In the midst of a broad global market downturn, the crude oil market suffered its worst annual loss (a 25% decline in WTI crude and 22% decline in Brent) since 2015, highlighted by a 38% decline in WTI in the fourth quarter of 2018 alone. The losses were driven by renewed concerns of a crude oil supply glut compounded with new worries about slackening global demand. This downturn also occurred during the 2019 capital expenditure budget decision window for many upstream companies. These companies are trying to balance near-term concerns with longer-term views on pricing and production. There appear to be firm convictions of living within cash flow. Thus, there has been some retrenchment in the form of reduced 2019 drilling plans and revised/staggered completion schedules, but the EIA anticipates both 2019 crude oil and natural gas production to exceed 2018 levels. The Permian Basin is expected to remain the key component of U.S. exploration and development activity with other areas also showing growth. Enhanced takeaway capacity via several new pipelines should help with Permian Basin differential issues by the end of 2019.
WTI crude oil prices closed the fourth quarter materially lower, decreasing from $73.25 per barrel to $45.41. This represented the largest quarterly decline in crude prices since the fourth quarter of 2014. The quarter was highlighted by substantial volatility; there were 12 days during the quarter in which crude prices moved more than 3% compared with one day during the same quarter in 2017. In addition, the fourth quarter of 2018 witnessed a stretch of 12 consecutive days of declines, the longest period on record (since the fourth quarter of 2014). The decline has been ostensibly driven by several factors: 1) renewed concerns of crude oil oversupply, principally from U.S. shale producers, but also Saudi Arabia and Russia; 2) surprise waivers for certain Iranian crude exports (relief to certain countries from recent Iranian sanctions); and 3) lowered expectations for crude oil demand, particularly in Europe and Asia as economic growth moderates.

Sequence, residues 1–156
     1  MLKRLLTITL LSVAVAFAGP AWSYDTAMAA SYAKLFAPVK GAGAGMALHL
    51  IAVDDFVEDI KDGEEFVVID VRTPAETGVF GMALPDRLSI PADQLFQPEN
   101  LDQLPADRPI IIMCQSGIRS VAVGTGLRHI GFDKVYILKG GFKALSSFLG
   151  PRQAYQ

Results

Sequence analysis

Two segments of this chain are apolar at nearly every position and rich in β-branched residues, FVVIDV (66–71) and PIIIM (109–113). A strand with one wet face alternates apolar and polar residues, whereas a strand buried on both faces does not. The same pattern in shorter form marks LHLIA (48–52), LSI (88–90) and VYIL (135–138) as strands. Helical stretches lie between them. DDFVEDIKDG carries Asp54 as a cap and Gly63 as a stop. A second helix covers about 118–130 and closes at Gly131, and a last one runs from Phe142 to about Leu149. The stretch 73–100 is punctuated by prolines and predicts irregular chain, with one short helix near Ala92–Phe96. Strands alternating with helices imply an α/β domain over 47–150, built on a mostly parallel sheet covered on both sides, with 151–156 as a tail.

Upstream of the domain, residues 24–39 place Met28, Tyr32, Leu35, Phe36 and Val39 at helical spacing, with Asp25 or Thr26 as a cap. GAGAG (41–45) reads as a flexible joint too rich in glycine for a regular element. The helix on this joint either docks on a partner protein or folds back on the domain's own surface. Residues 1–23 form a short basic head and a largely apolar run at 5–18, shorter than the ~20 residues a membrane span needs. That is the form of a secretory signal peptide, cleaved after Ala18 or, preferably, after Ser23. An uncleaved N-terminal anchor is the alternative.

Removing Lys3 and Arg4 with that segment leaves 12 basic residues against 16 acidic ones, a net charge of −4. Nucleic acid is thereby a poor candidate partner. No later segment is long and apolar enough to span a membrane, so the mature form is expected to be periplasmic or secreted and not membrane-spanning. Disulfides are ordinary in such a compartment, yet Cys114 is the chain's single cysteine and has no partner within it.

Natural gas experienced a volatile fourth quarter, rallying about 43% during November, before giving back all its gains in December. Pricing has been more favorable due to demand and early cold weather, but long-term supply concerns still linger (holding down future pricing expectations). The EIA expects relatively flat natural gas prices, driven by increasing demand, but anticipates continued record production.
Continued efficiency and growth in North American production and a commensurate surge in U.S. crude oil output, which surpassed 11 million barrels per day in September, has not helped the oversupply narrative. The average U.S. land rig count increased by 25 rigs, from 1,034 to 1,059 rigs during the quarter, with no change in rigs added to the Permian Basin. Other basins/areas, such as the Barnett, Eagle Ford, Haynesville, and Utica, were all stagnant, while Woodford and Utica experienced modest declines in their rig counts.